DaDane of DaWeek

 Created: 01/10/05


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Important News – 

January 10, 2005 – Mozart, seen on the left, is shown here with his dad, SudZ, in a family portrait I created in 2003 for their owners, Larry and Margo Gaither. (You can read their original story as it appeared on DaDane of DaWeek.) I originally shot both dogs separately at the 2002 GDCA National Specialty in Kentucky. At the time, SudZ was nearly five. Mozart was fifteen months old. I had the pleasure of shooting SudZ again last year at the 2004 GDCA National Specialty in Texas. He will be seven next month. Although his muzzle is now gray and he looks a lot older, SudZ is in very good health and he is a wonderful example of an older Dane who has lived well, and aged well.

Unfortunately, Mozart is no longer with us. He died last February at the tender age of two and a half. His death was an avoidable loss, which makes it twice as sad. Mozart had suffered through a series of health problems for a year or more. At first his problems seemed unrelated, but as Mozart's health gradually deteriorated, Margo and Larry realized something was fundamentally wrong. They begged their veterinarian to do everything possible to determine the source of Mozart's bad health. Throughout the process, they spared no expense. All sorts of tests were run. More than once, Margo suggested that Mozart be tested for Addison's Disease, but her vet said it would be a waste of time because there was no indication Mozart had Addison's. Finally, when Mozart was lying in the animal hospital struggling to stay alive, Margo INSISTED on an Addison's test. It came back positive. Mozart in fact had Addison's Disease. In theory, his condition could have been managed, enabling Mozart to live a normal life, but it didn't work out that way. Mozart died less than a day later. The diagnosis had come too late to save him.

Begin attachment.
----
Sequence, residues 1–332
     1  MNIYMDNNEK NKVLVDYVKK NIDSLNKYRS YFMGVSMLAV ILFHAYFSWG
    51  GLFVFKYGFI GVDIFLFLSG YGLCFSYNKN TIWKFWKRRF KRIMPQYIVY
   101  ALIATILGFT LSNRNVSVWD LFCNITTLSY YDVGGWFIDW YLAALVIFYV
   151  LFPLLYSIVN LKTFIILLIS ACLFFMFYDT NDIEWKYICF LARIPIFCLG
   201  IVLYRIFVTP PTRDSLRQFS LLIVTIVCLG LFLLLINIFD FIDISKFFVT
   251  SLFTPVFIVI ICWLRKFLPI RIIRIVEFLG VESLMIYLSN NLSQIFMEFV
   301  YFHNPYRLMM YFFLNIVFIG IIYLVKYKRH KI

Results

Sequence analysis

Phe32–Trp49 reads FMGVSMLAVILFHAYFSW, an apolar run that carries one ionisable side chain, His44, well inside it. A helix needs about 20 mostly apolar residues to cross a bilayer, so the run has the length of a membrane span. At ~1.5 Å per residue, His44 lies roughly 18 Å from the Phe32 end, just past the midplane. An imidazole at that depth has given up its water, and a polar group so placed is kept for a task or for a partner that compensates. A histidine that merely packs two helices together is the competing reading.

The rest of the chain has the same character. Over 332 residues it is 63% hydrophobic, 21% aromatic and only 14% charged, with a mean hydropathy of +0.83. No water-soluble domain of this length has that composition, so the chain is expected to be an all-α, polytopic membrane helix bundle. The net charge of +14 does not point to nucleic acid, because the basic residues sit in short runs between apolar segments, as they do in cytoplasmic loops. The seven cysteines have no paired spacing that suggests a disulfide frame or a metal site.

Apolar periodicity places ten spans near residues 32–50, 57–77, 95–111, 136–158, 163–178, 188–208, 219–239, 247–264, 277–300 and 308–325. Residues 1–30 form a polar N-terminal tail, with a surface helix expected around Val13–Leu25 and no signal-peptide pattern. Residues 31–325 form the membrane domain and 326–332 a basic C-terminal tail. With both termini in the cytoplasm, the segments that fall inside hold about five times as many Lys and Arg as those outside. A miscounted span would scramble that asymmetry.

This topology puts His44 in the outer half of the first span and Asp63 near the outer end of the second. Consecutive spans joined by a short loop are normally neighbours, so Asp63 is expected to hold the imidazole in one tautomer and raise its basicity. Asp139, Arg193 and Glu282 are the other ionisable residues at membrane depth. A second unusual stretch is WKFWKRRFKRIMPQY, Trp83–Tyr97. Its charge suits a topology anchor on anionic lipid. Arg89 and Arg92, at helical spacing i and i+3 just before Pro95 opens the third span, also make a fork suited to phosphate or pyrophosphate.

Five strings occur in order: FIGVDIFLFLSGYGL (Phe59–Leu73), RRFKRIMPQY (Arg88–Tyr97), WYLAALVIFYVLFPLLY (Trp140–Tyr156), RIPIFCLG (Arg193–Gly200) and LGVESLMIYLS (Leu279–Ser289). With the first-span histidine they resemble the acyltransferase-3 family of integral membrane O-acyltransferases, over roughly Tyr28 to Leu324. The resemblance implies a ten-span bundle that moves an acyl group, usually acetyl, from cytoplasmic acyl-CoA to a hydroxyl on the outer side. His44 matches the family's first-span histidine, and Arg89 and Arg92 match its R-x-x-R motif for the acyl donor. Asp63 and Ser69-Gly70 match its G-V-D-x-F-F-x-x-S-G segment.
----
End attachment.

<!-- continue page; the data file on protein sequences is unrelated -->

It would be easy to blame Mozart's vet for his death, but that might be an unfair over-simplification. Addison's Disease can be a very tricky disease to recognize because the signs of Addison's mimic those of many other diseases. Furthermore, most veterinarians have no idea that Great Danes are among the top five (yes, FIVE) breeds associated with this life-threatening disease. When it comes to Addison's, too often Dane owners, owner-breeders, and veterinarians are under-educated, or worse, ill-informed, about the symptoms. Not too long ago, I ran a series of articles on Canine Addison's Disease. If you missed it, I urge you to take the time to familiarize yourself with Canine Addison's Disease. It may save your dog's life!

Great News for Great Danes !!!
A very important study is currently underway at the University of California (UC Davis) to characterize the mode of inheritance for Canine Addison's Disease, with the ultimate goal of identifying a genetic marker and developing a genetic screening test. This ground-breaking research has been funded by the AKC Canine Health Foundation with additional monies contributed by the Great Dane Club of America, the Bearded Collie Club of America, the Bearded Collie Foundation for Health, the Poodle Club of America, the Leonberger Club of America, and the Portuguese Water Dog Foundation.

You can help...

"To characterize the mode of inheritance, with the ultimate goal of identifying a genetic marker linked to the disease, we need information on dogs that are affected AND unaffected with the disease. If you are willing to participate in this study, please request a kit that contains a questionnaire on your dog’s health and swabs for the collection of DNA. The FAQs link will answer many of your questions regarding the study. We appreciate your support and interest in the study. "

Canine Genetic Analysis Project
Department of Animal Science, UC DAVIS


The Addison's study kit is completely FREE, and it even includes return postage, so it will cost you absolutely nothing. The DNA collection is simple and painless to administer. Follow this link to request a kit for your Great Dane. Those of you with more than one Dane can order as many kits as you need.

If your Great Dane – or one of his/her relatives – has been afflicted with Addison's, then it is extremely important that you participate in this project. But even if your Dane is perfectly healthy, your participation can help the researchers achieve their goal. Please be aware that the kit is not a test to determine whether or not your dog has Addison's. (You'd need to see your vet for that.) Naturally, all submissions to the study will be kept strictly confidential. Results for individual dogs will not be made available to you, or to the public.

This is a good thing, folks, a VERY good thing. I ordered a kit for Merlin yesterday. I hope you'll order a kit for your Great Dane today.

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